Bowie was there; Karl Marks, Bokr Tov, Matt Cox Friday; Lavender Country, The Twilight Hours (ex-Trip Shakespeare) Saturday…

Category: Blog — Tags: , , , — @ 12:36 pm April 27, 2018

The stairway at the Broadway and Lafayette St. subway station in Manhattan.

by Tim McMahan,

One of the things I had a chance to do in my free time while in Manhattan this week was visit the David Bowie Is Here display at the Broadway & Lafayette Metro station. The display was inspired by the David Bowie Is exhibition at the Brooklyn Museum. For years Bowie lived in the neighborhood near the Lafayette St. train station.

Throughout the subway station were photos of Bowie, writings and other images from throughout his career slapped onto the subway-tile walls. The most stunning is the one above, which forms a different photo of Bowie when viewed from the other side of the stairway.

As part of the exhibit, which was presented by Spotify, special David Bowie Metro cards were printed and sold. I picked up four of the series of five (the fifth was sold out). Very cool.

Anyway, I’m back in time for the weekend. And here’s what’s happening.

Tonight at The Brothers Lounge Boston noise rock band Karl Marks headlines. The band’s latest, Universal Care (2018, Exploding in Sound), has received nods from the likes of Paste and NPR. Don’t be fooled. This is heavy stuff. Hussies and Chalant open at 10 p.m. $5.

Also tonight (Friday) Bokr Tov plays at The Barley Street Tavern with Odd Harmona, Ojai and Scott Severin. $5, 9 p.m.

Over at The Waiting Room Matt Cox celebrates the release of his new album, High Places. Opening are Dustin Arbuckle & The Damnations and Rex Granite Band featuring Sarah Benck. $10, 8 p.m.

Tomorrow night it’s back to The Brothers for a very special performance by Lavender Country, the first openly gay country band whose self-titled collection released in 1973 has lived on in rerelease. Frontman Patrick Haggerty has been featured on NPR and in the following documentary, which will take only 15 minutes to watch but will make you want to swing by The Brother Saturday night and see Haggerty live. $7, 10 p.m.


Also Saturday night, The Twilight Hours, which includes Matt Wilson and John Munson of Trip Shakespeare, are headlining at Reverb Lounge. Daniel Christian opens at 9 p.m. $12 Adv/$15 DOS.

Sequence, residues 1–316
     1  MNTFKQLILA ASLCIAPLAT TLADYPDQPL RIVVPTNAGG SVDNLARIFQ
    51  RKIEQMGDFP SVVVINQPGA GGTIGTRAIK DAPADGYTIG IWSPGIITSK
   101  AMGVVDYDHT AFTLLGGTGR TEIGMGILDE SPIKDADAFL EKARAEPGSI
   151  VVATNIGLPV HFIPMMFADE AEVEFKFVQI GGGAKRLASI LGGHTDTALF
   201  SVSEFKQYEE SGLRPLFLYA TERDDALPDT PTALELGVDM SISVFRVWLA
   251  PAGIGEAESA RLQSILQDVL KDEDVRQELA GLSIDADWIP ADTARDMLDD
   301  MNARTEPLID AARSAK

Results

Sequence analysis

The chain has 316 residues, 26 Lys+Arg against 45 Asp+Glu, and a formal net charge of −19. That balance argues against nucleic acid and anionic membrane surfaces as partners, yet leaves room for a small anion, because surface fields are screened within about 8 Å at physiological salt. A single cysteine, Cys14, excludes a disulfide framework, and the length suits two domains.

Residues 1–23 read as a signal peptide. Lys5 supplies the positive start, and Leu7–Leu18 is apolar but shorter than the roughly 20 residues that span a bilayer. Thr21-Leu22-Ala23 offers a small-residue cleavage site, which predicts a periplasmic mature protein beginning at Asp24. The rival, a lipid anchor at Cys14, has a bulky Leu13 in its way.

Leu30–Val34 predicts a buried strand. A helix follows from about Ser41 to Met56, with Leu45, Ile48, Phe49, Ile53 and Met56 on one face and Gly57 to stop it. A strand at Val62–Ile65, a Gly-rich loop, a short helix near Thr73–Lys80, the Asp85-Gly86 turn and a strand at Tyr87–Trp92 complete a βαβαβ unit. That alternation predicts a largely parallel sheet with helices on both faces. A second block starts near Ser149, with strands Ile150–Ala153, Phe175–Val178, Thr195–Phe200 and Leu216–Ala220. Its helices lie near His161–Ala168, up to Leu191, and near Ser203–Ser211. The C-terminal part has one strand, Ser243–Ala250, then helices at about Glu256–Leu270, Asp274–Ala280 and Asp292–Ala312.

Last but not least, Matt Whipkey Band is playing a free set of music out at Growler USA. 9 p.m.

And that’s all I got. If I missed your show put it in the comments section. Have a great weekend.

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Read Tim McMahan’s blog daily at — an online music magazine that includes feature interviews, reviews and news. The focus is on the national indie music scene with a special emphasis on the best original bands in the Omaha area. Copyright © 2018 Tim McMahan. All rights reserved.


So long, David Bowie…

Category: Blog — Tags: — @ 1:43 pm January 11, 2016
David Bowie - 1947-2016

David Bowie – 1947-2016

by Tim McMahan,

I woke up and discovered that David Bowie had died of cancer at the age of 69. Did anyone see it coming? I’d read he’d been ill a few years ago, but then figured he’d recovered, what with the release of The Next Day in 2013 and Blackstar just last week. Now it appears Blackstar was his swan song and parting gift. Its reception was greeted with open arms — critics and fans love the album. Would the way it was received been skewed had we’d known he was dying? Probably. Instead, Bowie went out creatively on top, with people pointing to Blackstar as a triumphant return. And we’re all left wondering what just happened. Somewhere he and Lou Reed are laughing together and saying, “Just play the bloody albums.”

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Read Tim McMahan’s blog daily at — an online music magazine that includes feature interviews, reviews and news. The focus is on the national indie music scene with a special emphasis on the best original bands in the Omaha area. Copyright © 2016 Tim McMahan. All rights reserved.


CD Reviews: Bowie, Iceage and Spotify (in the column); Tim Kasher, Brighton MA at O’Leaver’s tonight…

Category: Blog,Column — Tags: , , , , — @ 1:17 pm March 21, 2013

by Tim McMahan,

If you’re a regular reader, you’ve seen a couple of these reviews in one format or another already (though they’ve been slightly altered). Bowie got nudged from the top spot on Billboard by Bon Jovi, which is a shame. Whether you like the new Bowie album or not, it’s hard not to root for him. I didn’t mention the new Low because I only got it yesterday. It’s a return to form for the Duluth trio. I’d love to get them back to Omaha somehow. The surprise among the Honorable Mentions is the Hookworms album, which is real steamroller of a record — grinding psychedelic throb rock, entrancing, Find it.